I leave my laptop running overnight and I wake up to a slow laptop that’s using a lot of swap space.
$ ps vax --sort=-rss | head -n 2
PID TTY STAT TIME MAJFL TRS DRS RSS %MEM COMMAND
3417213 ? Dsl 138:37 9 0 1856820 1329320 8.1 /usr/libexec/packagekitd
total used free shared buff/cache available
Mem: 16337168 8612140 1484512 2478372 6240516 4903036
Swap: 33659900 246612 33413288
$ uname -svrp
Linux 5.6.13-300.fc32.x86_64 #1 SMP Thu May 14 22:51:37 UTC 2020 x86_64
$ lsb_release -d
Description: Fedora release 32 (Thirty Two)
Some things never change:
How can I get rid of software that has memory leaks and still get updates, please?
The best thing to do if you suspect a memory leak is to open a new bug to get the developer’s attention. Reporting it here will probably serve less of a purpose beyond expressing frustrations.
Normally, to uninstall software, you would run
$ sudo dnf remove packagename where “packagename” is the name of the software you are wanting to remove.
Please do not tell people to remove their package management software. I’m assuming you made a mistake in good faith but telling people to damage their systems is not ethical.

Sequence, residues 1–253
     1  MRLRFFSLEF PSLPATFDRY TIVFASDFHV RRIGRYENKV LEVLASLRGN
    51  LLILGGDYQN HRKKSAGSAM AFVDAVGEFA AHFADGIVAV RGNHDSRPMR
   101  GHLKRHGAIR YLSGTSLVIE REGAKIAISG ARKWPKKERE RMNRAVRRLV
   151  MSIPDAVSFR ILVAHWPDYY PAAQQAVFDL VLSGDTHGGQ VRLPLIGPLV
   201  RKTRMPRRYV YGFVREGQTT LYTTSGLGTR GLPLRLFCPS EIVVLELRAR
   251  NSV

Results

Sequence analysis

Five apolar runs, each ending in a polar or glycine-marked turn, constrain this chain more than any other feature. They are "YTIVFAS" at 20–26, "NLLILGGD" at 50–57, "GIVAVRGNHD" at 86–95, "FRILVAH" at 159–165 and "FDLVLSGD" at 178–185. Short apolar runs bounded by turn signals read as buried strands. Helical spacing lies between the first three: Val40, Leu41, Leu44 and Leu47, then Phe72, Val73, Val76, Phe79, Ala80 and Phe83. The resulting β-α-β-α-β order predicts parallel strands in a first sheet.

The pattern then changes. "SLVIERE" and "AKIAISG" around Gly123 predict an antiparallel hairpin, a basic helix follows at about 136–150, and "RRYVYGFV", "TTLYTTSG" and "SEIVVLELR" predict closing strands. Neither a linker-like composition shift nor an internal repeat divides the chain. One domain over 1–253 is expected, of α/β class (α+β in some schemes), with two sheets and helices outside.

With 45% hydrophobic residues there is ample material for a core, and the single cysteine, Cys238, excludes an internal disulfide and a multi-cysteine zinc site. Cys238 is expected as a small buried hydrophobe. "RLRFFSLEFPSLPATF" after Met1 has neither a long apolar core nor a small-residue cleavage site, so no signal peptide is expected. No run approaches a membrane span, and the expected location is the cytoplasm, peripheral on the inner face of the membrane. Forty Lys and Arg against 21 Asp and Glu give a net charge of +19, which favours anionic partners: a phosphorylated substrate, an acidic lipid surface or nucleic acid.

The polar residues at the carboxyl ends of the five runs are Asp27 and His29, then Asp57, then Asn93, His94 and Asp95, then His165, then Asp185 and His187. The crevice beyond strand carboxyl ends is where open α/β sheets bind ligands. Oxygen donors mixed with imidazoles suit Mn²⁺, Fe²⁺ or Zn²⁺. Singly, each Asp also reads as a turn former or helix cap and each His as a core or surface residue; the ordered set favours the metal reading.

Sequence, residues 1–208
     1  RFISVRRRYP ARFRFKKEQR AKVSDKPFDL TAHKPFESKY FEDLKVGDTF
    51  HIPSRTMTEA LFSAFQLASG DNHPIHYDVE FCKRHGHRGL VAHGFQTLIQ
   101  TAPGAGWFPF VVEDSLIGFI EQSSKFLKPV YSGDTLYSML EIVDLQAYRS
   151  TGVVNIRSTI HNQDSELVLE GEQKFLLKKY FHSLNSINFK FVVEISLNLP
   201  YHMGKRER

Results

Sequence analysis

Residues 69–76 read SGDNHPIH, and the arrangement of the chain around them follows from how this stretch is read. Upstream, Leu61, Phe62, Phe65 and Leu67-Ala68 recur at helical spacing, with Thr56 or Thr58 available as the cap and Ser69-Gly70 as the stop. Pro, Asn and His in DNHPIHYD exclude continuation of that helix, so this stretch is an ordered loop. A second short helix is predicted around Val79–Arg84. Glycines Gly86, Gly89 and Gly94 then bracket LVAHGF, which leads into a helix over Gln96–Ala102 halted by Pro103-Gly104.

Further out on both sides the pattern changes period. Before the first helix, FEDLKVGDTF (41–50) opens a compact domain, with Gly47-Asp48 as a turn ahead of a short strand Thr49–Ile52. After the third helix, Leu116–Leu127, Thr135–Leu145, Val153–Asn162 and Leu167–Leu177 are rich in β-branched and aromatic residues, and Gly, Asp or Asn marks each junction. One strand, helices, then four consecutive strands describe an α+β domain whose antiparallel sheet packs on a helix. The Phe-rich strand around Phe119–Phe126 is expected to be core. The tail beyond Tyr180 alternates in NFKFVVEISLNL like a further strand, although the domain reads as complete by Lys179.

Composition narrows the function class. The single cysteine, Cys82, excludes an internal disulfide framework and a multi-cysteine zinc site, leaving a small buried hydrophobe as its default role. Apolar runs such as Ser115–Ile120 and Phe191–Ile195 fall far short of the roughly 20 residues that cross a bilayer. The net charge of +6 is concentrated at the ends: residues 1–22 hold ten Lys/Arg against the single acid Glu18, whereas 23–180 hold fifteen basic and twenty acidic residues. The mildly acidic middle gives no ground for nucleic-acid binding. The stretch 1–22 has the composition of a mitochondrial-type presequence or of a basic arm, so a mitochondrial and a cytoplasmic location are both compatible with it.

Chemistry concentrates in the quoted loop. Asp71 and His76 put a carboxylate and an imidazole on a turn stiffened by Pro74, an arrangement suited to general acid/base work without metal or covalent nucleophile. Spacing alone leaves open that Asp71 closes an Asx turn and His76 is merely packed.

My question was not answered because it asked for two things and you only provided an answer for one of them. You replied with how to remove software but in a way that prevents updates and the question was to do both remove the software with memory leaks and still get updates.
You asked me to open a bug report but it would be a duplicate of the existing bug report. If you examine that bug report it was closed and reopened in the past rather than opening a duplicate.
OK, if the bug’s already been reported, add a comment giving any new information you can.
Instead of uninstalling stuff, you can disable the automatic updates in the GNOME software center. That should be enough to prevent the memory-leaking service from starting until the bug is fixed.
Regarding updates, you can still keep your system updated through
dnf instead of packagekit. Use
sudo dnf upgrade to perform a system update, and if you’d like for this to be done automatically, take a look at
I can’t speak for the packagekitd memory leak but on my old dual core 4GB ram machine, the
packagekitd combo was taking too much CPU power during boot and not to mention about 900 mb of memory.
If you are comfortable with the console and
dnf, I recommend disabling gnome software from running on autostart. This in turns prevents
packagekitd from loading upon boot as well.
Instructions on how to do this are nicely layed out in this reddit post